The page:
Wednesday, October 12, 2016

Should we hail the Holy Queen?

I have often said that it is good that the Church has people who will call her doctrine into question. The discussions that follow are valuable and, if done in the right way, can enrich people's faith so that they can live better the Christian life.

This seems to be the situation when we come to the way in which we express our relationship with Our Lady through our prayers and our attempts to show hyperdulia - the unique veneration that we have for the Queen of Heaven. As I've said before, this is not worship.

It is quite well known that the Ave Maria is thoroughly rooted in Scripture.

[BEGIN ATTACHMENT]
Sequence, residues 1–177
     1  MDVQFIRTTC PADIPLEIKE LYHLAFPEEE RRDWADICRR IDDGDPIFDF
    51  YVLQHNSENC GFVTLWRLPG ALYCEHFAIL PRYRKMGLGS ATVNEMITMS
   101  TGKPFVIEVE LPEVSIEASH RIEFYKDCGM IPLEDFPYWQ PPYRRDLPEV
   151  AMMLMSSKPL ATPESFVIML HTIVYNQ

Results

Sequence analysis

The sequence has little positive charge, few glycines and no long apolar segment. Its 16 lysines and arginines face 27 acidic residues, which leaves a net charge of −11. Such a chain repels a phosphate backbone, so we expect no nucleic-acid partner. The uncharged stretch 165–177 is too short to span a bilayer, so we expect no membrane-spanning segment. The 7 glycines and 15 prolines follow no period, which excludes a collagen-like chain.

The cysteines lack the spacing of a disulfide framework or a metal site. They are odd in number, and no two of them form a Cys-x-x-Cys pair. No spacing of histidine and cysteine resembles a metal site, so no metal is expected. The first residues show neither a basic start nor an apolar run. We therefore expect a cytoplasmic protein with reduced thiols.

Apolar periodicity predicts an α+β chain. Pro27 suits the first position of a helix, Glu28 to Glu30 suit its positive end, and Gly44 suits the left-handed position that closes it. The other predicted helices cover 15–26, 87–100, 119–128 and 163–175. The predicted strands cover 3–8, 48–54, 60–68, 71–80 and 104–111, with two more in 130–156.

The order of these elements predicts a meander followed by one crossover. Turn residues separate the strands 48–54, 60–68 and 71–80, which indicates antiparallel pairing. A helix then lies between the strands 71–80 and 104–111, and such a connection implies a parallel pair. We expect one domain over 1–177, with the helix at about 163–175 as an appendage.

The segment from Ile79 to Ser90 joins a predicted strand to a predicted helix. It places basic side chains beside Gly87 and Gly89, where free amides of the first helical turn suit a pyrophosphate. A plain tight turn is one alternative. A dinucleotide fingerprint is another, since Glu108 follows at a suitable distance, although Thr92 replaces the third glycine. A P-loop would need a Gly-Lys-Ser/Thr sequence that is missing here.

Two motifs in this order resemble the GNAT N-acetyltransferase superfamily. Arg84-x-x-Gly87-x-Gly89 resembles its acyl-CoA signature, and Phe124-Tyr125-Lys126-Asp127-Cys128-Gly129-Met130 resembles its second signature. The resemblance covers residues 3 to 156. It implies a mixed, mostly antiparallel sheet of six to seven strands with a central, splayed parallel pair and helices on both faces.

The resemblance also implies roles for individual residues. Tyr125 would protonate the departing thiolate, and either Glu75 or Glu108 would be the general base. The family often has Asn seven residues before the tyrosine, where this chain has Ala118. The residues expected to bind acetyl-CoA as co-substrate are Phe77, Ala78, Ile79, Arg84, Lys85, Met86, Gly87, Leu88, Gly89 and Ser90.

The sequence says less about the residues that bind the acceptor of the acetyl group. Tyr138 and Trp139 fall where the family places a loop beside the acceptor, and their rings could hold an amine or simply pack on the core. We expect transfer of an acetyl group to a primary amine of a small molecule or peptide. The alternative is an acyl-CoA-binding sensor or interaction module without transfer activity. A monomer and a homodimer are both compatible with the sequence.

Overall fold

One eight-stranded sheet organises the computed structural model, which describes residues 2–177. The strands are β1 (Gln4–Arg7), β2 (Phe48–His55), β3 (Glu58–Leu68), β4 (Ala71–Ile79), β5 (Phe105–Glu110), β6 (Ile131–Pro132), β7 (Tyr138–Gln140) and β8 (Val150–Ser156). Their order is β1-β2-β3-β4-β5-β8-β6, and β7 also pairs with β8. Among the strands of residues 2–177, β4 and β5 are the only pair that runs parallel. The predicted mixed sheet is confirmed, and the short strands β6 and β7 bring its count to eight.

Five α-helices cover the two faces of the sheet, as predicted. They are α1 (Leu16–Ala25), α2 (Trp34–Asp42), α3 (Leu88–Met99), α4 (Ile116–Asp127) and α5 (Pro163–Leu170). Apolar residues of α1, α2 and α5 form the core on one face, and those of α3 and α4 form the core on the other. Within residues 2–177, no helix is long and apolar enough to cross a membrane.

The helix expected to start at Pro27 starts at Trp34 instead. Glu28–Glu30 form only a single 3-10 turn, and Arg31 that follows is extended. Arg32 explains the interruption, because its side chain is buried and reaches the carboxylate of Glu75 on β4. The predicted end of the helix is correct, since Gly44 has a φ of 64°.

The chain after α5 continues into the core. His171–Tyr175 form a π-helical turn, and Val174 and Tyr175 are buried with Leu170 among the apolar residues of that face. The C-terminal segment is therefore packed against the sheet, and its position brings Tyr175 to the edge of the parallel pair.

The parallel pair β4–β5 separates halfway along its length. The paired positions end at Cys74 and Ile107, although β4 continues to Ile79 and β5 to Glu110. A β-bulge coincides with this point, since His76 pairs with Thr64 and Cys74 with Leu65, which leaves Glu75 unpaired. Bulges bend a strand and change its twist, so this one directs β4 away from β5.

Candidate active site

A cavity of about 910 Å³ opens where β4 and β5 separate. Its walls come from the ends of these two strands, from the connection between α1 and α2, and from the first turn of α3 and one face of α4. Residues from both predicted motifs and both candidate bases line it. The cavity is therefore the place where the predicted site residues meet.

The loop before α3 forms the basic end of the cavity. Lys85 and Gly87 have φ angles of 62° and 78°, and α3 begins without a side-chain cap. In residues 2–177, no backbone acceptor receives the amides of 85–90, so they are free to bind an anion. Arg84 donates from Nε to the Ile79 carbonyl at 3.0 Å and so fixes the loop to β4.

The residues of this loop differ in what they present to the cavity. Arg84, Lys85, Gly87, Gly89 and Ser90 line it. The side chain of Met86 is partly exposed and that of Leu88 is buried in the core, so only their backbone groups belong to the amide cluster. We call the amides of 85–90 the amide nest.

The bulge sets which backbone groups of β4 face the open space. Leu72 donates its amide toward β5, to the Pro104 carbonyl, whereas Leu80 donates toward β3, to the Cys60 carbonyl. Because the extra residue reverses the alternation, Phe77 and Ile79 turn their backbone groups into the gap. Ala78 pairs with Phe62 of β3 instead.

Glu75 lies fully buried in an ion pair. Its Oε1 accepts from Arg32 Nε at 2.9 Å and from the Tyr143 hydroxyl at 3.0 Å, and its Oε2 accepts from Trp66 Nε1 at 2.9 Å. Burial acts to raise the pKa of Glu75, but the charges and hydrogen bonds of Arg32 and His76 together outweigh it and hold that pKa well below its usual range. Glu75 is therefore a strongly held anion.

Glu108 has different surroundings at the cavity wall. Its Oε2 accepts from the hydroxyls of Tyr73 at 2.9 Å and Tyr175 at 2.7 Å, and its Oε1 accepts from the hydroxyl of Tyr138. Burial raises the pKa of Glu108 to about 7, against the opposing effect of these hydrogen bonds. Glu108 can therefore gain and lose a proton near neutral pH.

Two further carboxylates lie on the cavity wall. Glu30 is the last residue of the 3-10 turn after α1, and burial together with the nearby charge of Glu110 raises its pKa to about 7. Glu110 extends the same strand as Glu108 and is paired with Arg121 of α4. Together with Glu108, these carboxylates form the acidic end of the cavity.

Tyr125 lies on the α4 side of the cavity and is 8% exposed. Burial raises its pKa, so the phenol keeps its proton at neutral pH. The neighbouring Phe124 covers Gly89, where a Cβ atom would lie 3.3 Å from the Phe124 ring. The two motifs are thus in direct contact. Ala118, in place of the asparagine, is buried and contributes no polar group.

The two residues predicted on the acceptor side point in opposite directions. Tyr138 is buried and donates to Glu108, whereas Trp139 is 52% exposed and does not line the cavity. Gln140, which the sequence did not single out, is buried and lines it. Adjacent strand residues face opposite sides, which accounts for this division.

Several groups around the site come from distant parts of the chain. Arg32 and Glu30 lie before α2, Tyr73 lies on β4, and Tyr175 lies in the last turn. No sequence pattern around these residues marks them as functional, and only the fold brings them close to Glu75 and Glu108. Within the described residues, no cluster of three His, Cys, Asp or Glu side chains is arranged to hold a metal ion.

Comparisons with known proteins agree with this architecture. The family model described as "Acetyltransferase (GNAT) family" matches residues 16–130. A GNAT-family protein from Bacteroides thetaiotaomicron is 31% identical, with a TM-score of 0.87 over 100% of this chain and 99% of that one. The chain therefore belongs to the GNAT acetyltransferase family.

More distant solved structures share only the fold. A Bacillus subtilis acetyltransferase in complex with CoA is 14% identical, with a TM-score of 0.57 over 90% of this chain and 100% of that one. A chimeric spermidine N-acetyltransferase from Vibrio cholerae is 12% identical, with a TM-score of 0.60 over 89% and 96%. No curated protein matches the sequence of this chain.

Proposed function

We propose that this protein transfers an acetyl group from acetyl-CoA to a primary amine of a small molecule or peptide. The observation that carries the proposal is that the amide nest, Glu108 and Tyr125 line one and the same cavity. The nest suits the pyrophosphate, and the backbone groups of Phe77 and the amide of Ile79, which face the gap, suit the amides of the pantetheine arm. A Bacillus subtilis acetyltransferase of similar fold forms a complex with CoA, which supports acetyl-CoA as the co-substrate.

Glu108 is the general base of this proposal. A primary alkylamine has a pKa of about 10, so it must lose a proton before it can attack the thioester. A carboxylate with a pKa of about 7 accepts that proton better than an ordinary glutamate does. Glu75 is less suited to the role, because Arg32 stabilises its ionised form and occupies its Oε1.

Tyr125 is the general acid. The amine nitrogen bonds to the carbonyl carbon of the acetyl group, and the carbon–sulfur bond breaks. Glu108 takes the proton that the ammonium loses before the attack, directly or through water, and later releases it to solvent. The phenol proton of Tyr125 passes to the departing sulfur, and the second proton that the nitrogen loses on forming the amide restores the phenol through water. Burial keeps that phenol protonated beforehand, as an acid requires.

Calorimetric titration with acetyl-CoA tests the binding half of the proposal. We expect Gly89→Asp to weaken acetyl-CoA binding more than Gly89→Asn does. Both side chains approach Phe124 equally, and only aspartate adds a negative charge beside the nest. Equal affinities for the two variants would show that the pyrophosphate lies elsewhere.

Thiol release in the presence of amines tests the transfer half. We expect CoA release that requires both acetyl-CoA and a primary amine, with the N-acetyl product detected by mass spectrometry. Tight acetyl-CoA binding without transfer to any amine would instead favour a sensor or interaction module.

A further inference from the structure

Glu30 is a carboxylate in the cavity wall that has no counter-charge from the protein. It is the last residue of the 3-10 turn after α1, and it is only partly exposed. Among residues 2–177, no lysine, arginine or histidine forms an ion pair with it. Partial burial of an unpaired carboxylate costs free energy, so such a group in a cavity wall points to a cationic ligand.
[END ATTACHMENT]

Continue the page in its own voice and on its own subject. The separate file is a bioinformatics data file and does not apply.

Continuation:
Another famous prayer is the Salve Regina which we say after Compline during the summer and at the end of the Rosary. It is 12th Century in origin and therefore not a compulsory vehicle for doctrine, occurring as it does after the Great Schism.

However, let us take some time just to look at the words and see what this Marian hymn is saying.

Salve, Regina, Mater misericordiæ, vita, dulcedo, et spes nostra, salve. Ad te clamamus exsules filii Hevæ, Ad te suspiramus, gementes et flentes in hac lacrimarum valle. Eia, ergo, advocata nostra, illos tuos misericordes oculos ad nos converte; Et Jesum, benedictum fructum ventris tui, nobis post hoc exsilium ostende. O clemens, O pia, O dulcis Virgo Maria.